Participate FAQ

IPTC welcomes any inquiries regarding participation, membership and our standards, please contact us.

About Participation and Membership 

What is IPTC?

The International Press Telecommunications Council is a consortium of news agencies, newspapers and news system vendors that develops and publishes technical specifications to promote the easy, accurate and inexpensive sharing of news.

When and where does IPTC meet?

The entire organization holds three face-to-face meetings each year. The four meeting days provide workshop-like sessions and discussions about topics from IPTC’s working areas. One of those meetings is also combined with a more formal Annual General Meeting when basic organizational decisions are made. Locations are rotated worldwide, with at least one meeting held in Europe each year.

In addition, regular development sessions are held by teleconferences, and views and proposals are shared on email groups.

Who can attend IPTC meetings, sessions, and discussions?

Anyone interested in IPTC’s work could attend a face-to-face meeting or regular conference call sessions as a guest for a limited time. This helps with decision-making about becoming a member.

Who pays for the IPTC?

IPTC standards for news exchange are available for downloading at no cost and there are no royalties or fees; the only source of income is membership dues. The motto for IPTC’s standard development work is “made by the news industry, for the news industry.” Fees pay for the overall industry’s needs. For individual members, dues pay for early and direct access to the development of standards, and for networking with peers in the news industry.

Current annual membership fees:
  • Voting Member: 4,740 EUR
  • Associate Member: 1,580 EUR
  • Individual Member: 200 EUR

If the standards are free, why join IPTC?

Members receive many benefits, including participation in working committees and the ability to request changes or make contributions to the development of standards. Both news and IT professionals use IPTC meetings to network among other delegates and invited guests. Members also have access to the IPTC’s internal working documents and members-only discussion groups; this is before any changes to standards are made available to the public, which happens only after endorsement by IPTC members. Of course, voting members also have voting privileges. Finally, a membership in IPTC makes a statement about your business – that it is one of the news industry leaders and is committed to the overall well-being of worldwide journalism and effective exchange of information.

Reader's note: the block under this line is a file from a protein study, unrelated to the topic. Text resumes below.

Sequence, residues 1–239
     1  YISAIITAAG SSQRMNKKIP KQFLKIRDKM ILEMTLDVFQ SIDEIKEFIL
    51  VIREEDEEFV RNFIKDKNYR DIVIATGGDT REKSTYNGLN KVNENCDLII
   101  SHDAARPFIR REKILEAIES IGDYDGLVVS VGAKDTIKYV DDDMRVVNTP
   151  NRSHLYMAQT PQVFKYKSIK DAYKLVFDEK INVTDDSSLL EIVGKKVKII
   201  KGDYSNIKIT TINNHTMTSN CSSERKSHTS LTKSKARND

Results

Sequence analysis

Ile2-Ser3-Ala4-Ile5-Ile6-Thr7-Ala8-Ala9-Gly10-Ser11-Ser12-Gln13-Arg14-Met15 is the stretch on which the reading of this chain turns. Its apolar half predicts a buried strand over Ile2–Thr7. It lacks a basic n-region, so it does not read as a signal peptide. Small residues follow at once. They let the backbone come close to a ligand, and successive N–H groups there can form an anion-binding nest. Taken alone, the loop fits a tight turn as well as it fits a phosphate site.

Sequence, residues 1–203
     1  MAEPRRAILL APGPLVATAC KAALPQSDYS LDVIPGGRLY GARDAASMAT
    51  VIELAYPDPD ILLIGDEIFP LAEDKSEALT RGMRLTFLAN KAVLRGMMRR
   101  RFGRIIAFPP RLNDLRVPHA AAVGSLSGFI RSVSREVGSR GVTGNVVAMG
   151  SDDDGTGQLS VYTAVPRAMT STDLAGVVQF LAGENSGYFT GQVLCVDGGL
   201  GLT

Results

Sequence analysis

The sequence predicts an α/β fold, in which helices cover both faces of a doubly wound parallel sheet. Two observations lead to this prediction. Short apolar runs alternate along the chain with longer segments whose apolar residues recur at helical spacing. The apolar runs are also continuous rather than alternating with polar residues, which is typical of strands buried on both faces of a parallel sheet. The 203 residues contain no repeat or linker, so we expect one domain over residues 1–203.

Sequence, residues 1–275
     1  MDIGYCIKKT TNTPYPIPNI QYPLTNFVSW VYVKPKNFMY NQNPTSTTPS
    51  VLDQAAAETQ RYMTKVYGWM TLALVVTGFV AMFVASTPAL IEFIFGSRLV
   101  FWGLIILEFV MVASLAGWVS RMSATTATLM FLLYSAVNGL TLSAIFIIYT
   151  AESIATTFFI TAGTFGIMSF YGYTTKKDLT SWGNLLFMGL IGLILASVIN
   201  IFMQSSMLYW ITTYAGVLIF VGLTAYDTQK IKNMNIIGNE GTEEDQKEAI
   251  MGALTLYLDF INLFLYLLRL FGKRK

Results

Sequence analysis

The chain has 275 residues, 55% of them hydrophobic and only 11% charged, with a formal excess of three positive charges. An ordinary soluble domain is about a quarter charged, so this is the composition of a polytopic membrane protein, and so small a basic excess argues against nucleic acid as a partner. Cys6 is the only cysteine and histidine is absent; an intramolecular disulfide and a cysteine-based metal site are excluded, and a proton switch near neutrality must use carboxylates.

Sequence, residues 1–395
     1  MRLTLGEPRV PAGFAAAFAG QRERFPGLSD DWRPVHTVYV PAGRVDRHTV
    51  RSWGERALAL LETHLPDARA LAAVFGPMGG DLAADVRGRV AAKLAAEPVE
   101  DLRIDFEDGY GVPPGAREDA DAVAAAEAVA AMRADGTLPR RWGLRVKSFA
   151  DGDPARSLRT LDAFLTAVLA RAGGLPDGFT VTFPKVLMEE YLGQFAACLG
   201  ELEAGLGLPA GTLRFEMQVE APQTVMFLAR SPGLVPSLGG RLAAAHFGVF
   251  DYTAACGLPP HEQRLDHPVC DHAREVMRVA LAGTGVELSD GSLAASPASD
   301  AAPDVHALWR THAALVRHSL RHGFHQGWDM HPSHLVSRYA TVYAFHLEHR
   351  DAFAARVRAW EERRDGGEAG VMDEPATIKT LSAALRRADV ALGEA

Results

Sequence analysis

Can small companies or sole practitioners join IPTC?

Yes! Even if your company cannot send delegates to IPTC meetings, several affordable membership plans are available to encourage participation by any interested party. Happily, IPTC has found that some of its biggest contributors to standards work come from some of the smallest member organizations.

How do I follow the activities of IPTC?

We post our latest news and developments to our website, iptc.org. We also maintain a website specifically for developers, http://dev.iptc.org, for help, best practices, and guidelines regarding the use and implementation of our standards. The IPTC also makes presentations at major news technology events such as WAN-Ifra Expo and CEPIC Congress. Finally, attending our four main meetings each year, and taking part in committee discussion groups via email are a good way to keep informed.

Who runs IPTC?

The members are represented by a board of directors and a chairman who hire a managing director and contract consultants for specific duties. Development work is handled by committees and smaller working groups. Some of them focus on general issues, such as the exchange of general news; others on more specific areas such as photography, rights or sports results. The membership votes before a standard is published, although exact voting rights vary by type of membership.

About Our Standards

Who uses IPTC standards?

They are intended for the business-to-business exchange of news among news agencies, other news providers and news publishers. At least one or two IPTC standards are in use at virtually every newspaper and news web site in the world. However, our most popular standard, the IPTC Photo Metadata, is used by many professional and amateur photographers worldwide —even those who are not photojournalists.

What makes something an “IPTC standard”?

Whether a White Paper or an actual standard, IPTC’s technical publications represent the consensus opinion of more than 50 leading news organizations and system vendors from dozens of countries. Delegates from those industry leaders meet face-to-face and via many teleconferences (some of them weekly) to keep IPTC standards up to date. No other group is engaged in this intense level of news standards development.